I made friends. I heard stories that softened my heart. I saw self inflicted wounds on so many of my roommates for the week. You could not wear any clothing with drawstrings. I vividly still remember my mom taking all of the drawstrings out of my clothing when they were helping me get settled. I didn’t feel like a 14 year old anymore. I had to work really hard to feel like myself. We were granted phone time at night and I remember sitting on the floor by the nurses station (we couldn’t really have conversations without them listening) and I’d call my friends and family to get some sense of what life was like on the outside. On day 8, I was discharged. I had made progress. I felt like this dark rain cloud turned to a light mist. The sun was starting to shine through.


Two years later, I made my second trip to the same facility I had left behind. I was 16. I should’ve been worrying about getting my license but depression put that on hold. I felt like a veteran at this point, I knew what to expect. Wake up. Check vitals. Group breakfast. Group therapy. Art therapy. Group lunch. One on one therapy. Quiet time. Group dinner. Group therapy. Relaxation hour. Repeat it all tomorrow. I was only admitted for 5 days this time but it somehow felt longer. This trip made me question myself and what my life looked like. Would I ever find the girl I once was? Was she still inside me? Would the rest of my life be spent in and out of psych wards?


It seemed like life was moving for everyone else my age. But for me, I was standing still. I would still see my therapist weekly. I saw a therapist almost weekly for 3 years. I would see my psychiatrist monthly. That lasted 3 years too. Medication was always a guessing game. I remember being on one medication that made me so tired but also so hungry. One of my best friends slept over and even though I had fallen asleep, I was still eating chips. Even though I look back at that story and laugh now, in that moment, my life seemed like I was navigating through the thickest fog.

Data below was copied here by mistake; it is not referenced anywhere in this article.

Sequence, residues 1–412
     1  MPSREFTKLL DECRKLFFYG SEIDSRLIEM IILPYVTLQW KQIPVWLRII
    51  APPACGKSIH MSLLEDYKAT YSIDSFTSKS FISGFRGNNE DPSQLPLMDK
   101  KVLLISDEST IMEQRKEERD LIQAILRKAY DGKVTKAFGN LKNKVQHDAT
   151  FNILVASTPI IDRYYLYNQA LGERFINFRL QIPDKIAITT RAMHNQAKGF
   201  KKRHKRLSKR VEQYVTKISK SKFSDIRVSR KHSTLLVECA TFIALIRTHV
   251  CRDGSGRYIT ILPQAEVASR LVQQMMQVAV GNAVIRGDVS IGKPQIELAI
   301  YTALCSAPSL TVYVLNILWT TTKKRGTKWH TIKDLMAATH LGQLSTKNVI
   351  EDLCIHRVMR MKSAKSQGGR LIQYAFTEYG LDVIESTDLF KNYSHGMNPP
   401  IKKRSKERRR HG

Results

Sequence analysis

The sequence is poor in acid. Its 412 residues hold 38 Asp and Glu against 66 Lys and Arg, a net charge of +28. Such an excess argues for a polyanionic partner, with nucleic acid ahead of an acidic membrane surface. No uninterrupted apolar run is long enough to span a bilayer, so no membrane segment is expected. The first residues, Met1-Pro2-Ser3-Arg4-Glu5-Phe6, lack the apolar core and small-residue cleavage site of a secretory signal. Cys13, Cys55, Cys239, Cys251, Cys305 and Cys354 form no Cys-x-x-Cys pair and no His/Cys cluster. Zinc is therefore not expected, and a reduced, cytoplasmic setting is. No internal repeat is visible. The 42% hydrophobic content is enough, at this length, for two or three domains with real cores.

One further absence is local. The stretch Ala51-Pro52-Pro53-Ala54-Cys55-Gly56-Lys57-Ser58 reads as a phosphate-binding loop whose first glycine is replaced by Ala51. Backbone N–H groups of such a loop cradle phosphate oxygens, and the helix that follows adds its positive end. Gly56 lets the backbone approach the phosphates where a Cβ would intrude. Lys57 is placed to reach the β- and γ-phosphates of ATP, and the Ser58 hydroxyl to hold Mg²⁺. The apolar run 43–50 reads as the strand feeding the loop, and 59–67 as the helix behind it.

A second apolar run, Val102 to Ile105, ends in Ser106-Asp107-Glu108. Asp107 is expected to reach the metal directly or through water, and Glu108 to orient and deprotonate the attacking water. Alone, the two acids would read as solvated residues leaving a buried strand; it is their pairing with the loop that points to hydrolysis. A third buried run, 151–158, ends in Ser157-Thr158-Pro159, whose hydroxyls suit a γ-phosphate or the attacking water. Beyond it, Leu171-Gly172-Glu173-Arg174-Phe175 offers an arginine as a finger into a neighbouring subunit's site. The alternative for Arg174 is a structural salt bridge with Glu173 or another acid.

But a few years later, the dark rain cloud started to lift and I began to see the sun.

Over the years, I’ve seen 5 therapists. I’ve been on countless medications. Today I take Lexapro every night. I debated if I even wanted to include that part of my life but I mean it when I say we need to end the stigma. The last time I felt depressed was two years ago. On my last therapy session, my therapist gave me a handout that helps put a plan in place for when I start to feel anxious or depressed. Even if you are someone who has never dealt with anxiety or depression, I encourage you to do this for yourself. Life happens and depression does not discriminate. It makes me feel so much better to know what signs to look for in myself and have a plan for how to cope.


My family helps me feel safe when talking about all of this. My friends make me feel brave when I share my story. I hope in me sharing my journey with you, it will help you open up to those around you. And if you aren’t ready, it’s okay. It took me 13 years to get here.


I recently was on a date and the other person said it would be really hard for them to be with someone who was still dealing with their past. I knew he was talking about past relationships (at least I think) but every part of my past makes me who I am. Every part of my past has formed me into the woman I am. I proudly accept my journey and I feel proud that this is the woman I see in the mirror every day.


Celebrate the women around you this month. And make sure to proudly celebrate your own womanhood.